“When I moved to Johannesburg I became increasingly aware of my white skin, especially when I walked the streets together with a dark skinned female friend. We would get weird looks, or negative remarks even sometimes. These personal experiences concerning ‘love’ in South Africa, exposed how the most segregating system in the world since WW2, is considerably tangible in rather intimate relationships. Also, when I further investigated the effects of Apartheid, I noticed that – aside from racism – (domestic) violence, rape and hyper masculinity all lead back to South Africa’s history of division. Altogether, this painful awareness eventually made me decide to write a book about Apartheid’s ongoing effects on love, sex and relationships.”
Is love the most engaging aspect of society wherein Apartheid continues to stir up daily life?
“Personally, I would say it is. However, when looking at South Africa as a whole, Apartheid is still clearly noticeable in every segment of society. “When focusing on a social level in particular, I assume love and (friendly) relationships are most affected by South Africa’s history. Statistics show that a staggering two-thirds of the country’s population rarely has an in-depth conversation with someone of the opposite skin color. Especially in the lower segments of society, there is hardly any contact between ‘black’ and ‘white’. In South Africa’s middle class, interracial friendships seem more accepted, but still appear to be slightly superficial mostly. This lack of connection considerably affects ‘interracial relationships’. When, on rare occasions, such relations occur, they most often tend to not last very long, as families find it hard to accept. In most successful cases, one of the love birds is actually not from South African descent.”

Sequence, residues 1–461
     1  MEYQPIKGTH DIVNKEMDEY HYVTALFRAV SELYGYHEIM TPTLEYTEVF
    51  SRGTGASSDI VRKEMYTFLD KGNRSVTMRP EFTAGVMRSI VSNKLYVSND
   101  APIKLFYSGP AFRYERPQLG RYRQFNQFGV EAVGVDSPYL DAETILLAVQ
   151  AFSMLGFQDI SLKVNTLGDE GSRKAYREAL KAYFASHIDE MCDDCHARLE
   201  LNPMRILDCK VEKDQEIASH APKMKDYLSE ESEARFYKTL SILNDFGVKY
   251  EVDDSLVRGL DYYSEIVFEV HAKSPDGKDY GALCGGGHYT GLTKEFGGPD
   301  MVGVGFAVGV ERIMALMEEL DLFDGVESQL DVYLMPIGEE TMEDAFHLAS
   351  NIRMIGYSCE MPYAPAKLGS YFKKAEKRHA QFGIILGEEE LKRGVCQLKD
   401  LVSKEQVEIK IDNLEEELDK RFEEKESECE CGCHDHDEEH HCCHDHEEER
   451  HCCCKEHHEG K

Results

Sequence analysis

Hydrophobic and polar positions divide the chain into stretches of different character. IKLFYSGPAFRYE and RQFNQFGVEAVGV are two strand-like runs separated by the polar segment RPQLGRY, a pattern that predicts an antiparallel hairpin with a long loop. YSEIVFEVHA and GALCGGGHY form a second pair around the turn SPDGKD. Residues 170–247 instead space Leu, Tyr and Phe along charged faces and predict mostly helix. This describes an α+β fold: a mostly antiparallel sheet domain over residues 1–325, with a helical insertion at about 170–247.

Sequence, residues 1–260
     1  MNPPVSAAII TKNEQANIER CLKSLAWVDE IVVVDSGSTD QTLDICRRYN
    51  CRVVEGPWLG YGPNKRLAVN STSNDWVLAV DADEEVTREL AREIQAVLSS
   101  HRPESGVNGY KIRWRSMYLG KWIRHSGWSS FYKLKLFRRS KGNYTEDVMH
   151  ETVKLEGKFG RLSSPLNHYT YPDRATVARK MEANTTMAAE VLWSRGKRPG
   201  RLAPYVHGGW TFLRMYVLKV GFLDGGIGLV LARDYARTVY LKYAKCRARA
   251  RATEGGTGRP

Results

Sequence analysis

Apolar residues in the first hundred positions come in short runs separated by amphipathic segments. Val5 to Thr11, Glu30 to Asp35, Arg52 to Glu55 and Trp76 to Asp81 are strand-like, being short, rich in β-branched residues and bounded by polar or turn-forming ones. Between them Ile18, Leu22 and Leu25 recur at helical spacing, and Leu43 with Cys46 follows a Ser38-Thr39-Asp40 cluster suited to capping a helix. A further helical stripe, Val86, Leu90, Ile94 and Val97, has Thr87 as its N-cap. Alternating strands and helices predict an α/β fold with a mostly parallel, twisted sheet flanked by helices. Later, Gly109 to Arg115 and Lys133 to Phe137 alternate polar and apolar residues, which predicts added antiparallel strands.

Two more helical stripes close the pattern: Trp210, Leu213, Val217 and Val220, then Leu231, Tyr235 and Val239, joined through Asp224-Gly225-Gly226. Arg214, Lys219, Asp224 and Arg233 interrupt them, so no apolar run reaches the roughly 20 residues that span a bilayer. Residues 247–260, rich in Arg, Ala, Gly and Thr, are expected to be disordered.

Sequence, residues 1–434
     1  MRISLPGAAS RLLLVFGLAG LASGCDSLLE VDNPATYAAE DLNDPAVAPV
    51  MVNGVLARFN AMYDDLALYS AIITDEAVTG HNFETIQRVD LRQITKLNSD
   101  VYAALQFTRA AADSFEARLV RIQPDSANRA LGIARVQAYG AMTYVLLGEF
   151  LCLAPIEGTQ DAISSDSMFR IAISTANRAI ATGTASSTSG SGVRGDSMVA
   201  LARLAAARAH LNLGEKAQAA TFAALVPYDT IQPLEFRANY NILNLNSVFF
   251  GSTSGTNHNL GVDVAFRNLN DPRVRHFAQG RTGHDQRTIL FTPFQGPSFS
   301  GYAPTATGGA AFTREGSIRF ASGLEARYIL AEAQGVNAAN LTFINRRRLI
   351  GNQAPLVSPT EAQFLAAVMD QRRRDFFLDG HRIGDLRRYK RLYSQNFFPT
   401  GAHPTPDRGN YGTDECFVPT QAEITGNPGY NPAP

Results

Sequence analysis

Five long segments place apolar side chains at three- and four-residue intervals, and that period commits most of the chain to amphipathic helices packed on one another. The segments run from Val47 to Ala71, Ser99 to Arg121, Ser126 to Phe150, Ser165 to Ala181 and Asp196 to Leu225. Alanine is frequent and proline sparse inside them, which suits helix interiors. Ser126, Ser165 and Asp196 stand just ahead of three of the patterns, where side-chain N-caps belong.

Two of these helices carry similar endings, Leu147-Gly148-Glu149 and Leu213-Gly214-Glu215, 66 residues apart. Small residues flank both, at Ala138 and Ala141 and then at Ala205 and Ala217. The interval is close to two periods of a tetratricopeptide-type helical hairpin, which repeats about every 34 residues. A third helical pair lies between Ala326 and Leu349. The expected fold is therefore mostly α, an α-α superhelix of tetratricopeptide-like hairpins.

To what extent will such love stories be more tolerated and accepted by a next generation?
“One next generation will not solve South Africa’s relational issues. Possibly interracial love affairs are largely accepted by the country’s middleclass by then, but this class still covers a rather small part of the population. Perhaps these issues will diminish and unravel over the course of multiple generations, but when an estimated 60% of the population does not regularly get in touch with someone from the opposite skin color, more is needed to improve interracial relations. Thereby, when politicians continue to randomly play the ‘race-card’ whenever they feel subordinated or mistreated, South Africa’s history of division will be upheld in the minds of the population. Suspicion and mistrust will therefore remain tangible in society, and future generations will only solve these tensions step by step for parts of South Africa’s population.”